There has been a lot of confusion regarding the effectiveness of the drug “hydroxychloroquine” in helping patients with mild COVID-19 symptoms. Most recently, a large study conducted by researchers in Brazil (published in The New England Journal of Medicine) reveals that hydroxychloroquine in combination with azithromycin (an antibiotic) didn’t improve the conditions of the hospitalized patients with moderate symptoms.
The study involved surveying 665 patients (divided into 3 groups) in 55 hospitals in Brazil. The first group of patients (217 patients) received hydroxychloroquine and azithromycin, the second group (221 patients) received only hydroxychloroquine, and the third group (227 patients) was a control (not receiving either drug), only given with general clinical support.
15 days later, 69%, 64%, and 68% of the first, second, and third group of patients (respectively) were sent home and didn’t face any limitations with breathing. The death rate was also consistent among all three groups, 3 percent. Though there were no positive effects of taking the drug, there were a few patients that faced more frequent changes in ECG tests and possible liver damage.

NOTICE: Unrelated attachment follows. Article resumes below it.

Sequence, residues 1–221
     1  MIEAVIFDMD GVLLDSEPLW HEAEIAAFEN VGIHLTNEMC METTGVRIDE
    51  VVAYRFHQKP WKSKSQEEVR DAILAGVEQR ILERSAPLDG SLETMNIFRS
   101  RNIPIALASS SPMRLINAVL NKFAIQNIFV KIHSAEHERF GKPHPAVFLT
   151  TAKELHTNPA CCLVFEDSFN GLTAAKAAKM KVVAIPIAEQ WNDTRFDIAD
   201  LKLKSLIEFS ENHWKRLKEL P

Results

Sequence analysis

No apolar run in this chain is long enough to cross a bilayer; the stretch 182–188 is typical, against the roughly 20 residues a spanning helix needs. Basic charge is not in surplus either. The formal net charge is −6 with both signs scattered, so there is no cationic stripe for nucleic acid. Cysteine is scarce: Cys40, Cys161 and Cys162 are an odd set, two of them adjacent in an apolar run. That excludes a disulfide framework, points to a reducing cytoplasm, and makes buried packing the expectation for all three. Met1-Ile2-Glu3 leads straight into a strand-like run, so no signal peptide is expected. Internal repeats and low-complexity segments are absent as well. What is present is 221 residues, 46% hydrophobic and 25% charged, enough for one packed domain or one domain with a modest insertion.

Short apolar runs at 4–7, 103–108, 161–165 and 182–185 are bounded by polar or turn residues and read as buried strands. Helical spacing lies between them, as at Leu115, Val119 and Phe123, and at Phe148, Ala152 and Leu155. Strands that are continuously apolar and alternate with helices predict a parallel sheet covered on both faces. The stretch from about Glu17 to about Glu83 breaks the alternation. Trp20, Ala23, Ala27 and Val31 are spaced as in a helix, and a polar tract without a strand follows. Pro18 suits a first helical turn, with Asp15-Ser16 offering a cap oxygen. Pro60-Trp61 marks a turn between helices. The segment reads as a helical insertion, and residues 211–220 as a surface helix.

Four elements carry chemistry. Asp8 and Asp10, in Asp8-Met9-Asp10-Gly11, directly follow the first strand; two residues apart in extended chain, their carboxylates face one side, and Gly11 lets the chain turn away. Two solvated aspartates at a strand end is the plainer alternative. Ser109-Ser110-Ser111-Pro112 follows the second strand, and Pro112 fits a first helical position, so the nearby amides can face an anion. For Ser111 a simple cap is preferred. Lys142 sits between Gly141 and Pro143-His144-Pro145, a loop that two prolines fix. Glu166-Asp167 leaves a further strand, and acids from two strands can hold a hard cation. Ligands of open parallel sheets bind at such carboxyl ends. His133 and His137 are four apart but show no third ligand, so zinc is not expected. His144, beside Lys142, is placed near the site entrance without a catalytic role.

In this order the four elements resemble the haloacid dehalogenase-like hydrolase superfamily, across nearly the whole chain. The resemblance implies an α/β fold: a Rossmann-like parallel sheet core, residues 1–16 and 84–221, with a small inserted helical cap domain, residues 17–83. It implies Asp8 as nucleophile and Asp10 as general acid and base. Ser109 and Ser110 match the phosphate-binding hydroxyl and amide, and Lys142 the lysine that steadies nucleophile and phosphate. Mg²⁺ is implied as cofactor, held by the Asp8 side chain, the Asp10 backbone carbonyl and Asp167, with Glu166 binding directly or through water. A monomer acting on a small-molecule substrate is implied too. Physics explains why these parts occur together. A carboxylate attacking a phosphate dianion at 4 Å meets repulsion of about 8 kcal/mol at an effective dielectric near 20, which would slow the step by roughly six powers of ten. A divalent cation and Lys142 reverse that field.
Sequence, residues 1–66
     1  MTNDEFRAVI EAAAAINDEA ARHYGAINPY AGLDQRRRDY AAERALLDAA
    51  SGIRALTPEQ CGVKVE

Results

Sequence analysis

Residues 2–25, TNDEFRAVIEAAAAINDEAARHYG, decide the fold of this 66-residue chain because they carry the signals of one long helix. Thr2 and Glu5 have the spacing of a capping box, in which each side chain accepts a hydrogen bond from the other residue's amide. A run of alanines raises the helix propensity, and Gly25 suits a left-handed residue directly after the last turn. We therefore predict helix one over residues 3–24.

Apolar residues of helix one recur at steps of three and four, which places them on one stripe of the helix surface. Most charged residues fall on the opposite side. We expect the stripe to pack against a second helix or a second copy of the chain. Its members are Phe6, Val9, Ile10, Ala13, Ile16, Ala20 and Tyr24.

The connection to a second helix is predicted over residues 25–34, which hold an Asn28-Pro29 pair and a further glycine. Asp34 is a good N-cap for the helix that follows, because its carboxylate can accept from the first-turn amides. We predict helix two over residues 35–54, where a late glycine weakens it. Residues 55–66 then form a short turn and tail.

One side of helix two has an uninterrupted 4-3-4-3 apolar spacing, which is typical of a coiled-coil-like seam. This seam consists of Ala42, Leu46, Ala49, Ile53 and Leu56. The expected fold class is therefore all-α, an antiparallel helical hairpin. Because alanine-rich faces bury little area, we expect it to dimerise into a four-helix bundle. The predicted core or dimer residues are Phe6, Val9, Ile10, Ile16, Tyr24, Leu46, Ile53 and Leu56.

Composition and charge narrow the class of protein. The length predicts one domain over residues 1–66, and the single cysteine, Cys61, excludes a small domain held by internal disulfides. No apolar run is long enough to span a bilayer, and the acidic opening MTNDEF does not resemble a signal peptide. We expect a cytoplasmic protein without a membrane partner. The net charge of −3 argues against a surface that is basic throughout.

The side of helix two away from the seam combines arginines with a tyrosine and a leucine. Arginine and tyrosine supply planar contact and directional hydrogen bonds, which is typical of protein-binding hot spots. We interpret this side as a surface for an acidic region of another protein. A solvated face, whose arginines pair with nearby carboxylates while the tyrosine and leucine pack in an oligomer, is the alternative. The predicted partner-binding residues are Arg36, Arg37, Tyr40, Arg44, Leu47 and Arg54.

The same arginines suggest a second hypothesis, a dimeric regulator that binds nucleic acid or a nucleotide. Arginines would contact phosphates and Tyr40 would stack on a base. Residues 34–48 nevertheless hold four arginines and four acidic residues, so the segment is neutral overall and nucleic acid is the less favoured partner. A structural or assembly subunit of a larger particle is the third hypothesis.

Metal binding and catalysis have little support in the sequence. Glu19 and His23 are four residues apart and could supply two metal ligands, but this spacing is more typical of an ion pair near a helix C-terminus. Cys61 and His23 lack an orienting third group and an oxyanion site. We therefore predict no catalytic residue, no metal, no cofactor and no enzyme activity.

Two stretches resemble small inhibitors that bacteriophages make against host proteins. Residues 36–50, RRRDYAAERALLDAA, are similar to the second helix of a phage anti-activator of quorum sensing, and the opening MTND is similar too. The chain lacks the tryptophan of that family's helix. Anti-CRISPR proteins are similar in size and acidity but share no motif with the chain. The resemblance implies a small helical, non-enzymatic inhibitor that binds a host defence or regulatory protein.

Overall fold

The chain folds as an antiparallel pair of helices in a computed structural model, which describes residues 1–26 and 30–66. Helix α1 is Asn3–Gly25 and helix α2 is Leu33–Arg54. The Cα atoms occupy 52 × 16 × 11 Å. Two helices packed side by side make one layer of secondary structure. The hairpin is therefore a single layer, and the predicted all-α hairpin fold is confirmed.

Hydroxychloroquine has faced a lot of skepticism from the public, especially when politicians continued in large favor of the drug for a long time. Until now, there is no FDA approved COVID-19 drug or vaccine. There have also been studies that have showed hydroxychloroquine causing cardiac toxicity in patients, some studies even claiming that the hydroxychloroquine causes more deaths than cures.
The World Health Organization (WHO) even halted hydroxychloroquine drug trials for a safety review. There are two sides to this debate, however. In June, researchers retracted a controversial study on the drug, after other scientists claimed that it could be misleading.
Until now, remdesivir seems to be the most potent candidate for an official COVID-19 drug. There have been studies that showed that remdesivir can shorten patient hospital stays and help people recover faster. Remdesiver is a drug developed by Gilead Sciences originally for the Ebola outbreak.
All of this proves that there is still a lot we don’t know about hydroxychloroquine. There are still many more studies being conducted by scientists around the world regarding the effectiveness of the drug in various circumstances and combinations. We won’t know until more data is revealed at the end of ongoing studies.
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